From New York Times (linik):
ON a cold, gray day in late March, Guan Yi, one of the most influential collectors of contemporary art in China, lifted this reporter by the elbows and pushed her up a steep brick ramp of his own design, toward the second floor of his new house here. Later he jogged down another ramp as his guest followed on tiptoe to avoid losing a heel in its steel-grate surface.
Mr. Guan, a self-taught architect, is one of a group of artists and designers with varying levels of formal training who are changing the definition of the Chinese house one idiosyncratic project at a time. Using traditional materials like red and gray brick and wood, along with an often quirky, instinctual approach to design ” and relying on the low-cost services of China’s vast force of manual laborers ” these artists and designers are reshaping indigenous forms like the courtyard house and the canal town in a modern idiom that appeals to the country’s rising leisure class.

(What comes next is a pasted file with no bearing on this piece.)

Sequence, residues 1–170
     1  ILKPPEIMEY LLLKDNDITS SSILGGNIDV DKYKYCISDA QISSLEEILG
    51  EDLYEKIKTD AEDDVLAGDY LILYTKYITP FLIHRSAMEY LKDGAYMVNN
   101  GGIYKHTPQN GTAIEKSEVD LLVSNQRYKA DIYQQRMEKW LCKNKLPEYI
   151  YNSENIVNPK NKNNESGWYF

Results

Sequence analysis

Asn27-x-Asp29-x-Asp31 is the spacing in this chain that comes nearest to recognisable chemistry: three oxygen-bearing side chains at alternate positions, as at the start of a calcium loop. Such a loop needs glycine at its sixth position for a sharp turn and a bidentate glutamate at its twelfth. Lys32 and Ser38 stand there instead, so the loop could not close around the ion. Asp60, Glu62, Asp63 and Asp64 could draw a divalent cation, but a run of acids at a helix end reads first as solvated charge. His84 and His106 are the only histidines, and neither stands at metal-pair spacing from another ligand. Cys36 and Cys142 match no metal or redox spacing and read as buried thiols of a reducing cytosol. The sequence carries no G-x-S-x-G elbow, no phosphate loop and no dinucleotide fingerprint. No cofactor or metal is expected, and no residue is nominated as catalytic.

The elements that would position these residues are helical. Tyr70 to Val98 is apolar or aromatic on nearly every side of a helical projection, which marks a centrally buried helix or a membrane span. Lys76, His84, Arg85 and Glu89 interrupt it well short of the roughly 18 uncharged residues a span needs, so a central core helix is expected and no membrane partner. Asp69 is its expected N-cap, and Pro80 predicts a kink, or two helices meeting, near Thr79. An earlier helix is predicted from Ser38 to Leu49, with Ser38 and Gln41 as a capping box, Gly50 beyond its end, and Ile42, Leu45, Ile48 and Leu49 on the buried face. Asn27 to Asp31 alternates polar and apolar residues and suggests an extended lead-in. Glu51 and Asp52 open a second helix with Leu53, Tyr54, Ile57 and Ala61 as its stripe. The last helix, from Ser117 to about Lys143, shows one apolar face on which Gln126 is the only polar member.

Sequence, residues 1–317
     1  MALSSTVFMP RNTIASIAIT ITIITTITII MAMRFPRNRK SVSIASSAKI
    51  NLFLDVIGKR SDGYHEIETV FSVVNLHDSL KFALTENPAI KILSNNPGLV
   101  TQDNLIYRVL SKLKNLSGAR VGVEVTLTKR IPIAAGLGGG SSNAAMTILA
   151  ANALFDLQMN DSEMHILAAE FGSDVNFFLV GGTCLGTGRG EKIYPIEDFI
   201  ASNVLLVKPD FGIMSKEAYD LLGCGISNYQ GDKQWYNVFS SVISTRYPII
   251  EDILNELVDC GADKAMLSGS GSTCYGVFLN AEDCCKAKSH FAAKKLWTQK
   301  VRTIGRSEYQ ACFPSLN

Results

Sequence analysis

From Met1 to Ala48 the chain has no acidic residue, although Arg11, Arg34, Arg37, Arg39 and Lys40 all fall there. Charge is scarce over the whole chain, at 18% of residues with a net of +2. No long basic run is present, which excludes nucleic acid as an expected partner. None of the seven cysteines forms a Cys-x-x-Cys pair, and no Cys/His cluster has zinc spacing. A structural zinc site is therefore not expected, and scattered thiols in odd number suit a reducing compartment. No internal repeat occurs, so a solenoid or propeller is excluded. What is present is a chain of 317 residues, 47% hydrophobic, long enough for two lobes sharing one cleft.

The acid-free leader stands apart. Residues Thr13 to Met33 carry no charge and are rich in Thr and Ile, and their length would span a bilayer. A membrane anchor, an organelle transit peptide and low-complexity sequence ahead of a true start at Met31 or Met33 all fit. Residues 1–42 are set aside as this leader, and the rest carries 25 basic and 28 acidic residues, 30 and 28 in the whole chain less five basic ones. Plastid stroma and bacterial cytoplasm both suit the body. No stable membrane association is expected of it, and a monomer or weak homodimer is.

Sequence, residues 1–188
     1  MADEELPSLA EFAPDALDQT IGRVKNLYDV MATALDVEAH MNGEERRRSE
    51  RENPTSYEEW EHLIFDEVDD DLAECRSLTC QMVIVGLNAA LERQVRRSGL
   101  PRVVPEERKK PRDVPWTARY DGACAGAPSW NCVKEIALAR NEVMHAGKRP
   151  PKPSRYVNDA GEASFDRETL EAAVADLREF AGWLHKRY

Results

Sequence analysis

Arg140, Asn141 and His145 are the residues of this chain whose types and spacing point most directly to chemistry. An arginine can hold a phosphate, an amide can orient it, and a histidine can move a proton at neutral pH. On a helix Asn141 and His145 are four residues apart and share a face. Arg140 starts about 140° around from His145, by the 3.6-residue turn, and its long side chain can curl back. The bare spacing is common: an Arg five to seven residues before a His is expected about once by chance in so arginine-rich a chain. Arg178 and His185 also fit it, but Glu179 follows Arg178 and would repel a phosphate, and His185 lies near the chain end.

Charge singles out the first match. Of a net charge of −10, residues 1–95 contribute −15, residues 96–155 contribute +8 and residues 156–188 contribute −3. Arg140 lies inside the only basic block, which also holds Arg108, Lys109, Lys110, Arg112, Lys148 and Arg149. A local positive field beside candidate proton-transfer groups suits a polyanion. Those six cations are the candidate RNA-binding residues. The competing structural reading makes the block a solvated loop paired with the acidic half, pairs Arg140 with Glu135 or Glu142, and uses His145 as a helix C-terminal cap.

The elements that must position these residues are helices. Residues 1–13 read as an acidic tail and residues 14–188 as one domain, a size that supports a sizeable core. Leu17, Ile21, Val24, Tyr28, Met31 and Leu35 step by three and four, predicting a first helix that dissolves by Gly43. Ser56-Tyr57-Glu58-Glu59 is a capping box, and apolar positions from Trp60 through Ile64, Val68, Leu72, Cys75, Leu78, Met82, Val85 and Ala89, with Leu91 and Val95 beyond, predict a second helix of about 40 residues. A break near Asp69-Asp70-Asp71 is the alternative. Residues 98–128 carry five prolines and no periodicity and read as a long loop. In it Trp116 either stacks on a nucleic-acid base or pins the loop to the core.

AS China’s professional class continues to grow, high-end ” and increasingly high-style ” commercial ventures led by design-savvy entrepreneurs are prospering as well, providing consumers with a variety of new ways to spend their leisure time.
See also Art Scene China, a web site dedicated for emerging Chinese artists to share their works with the world.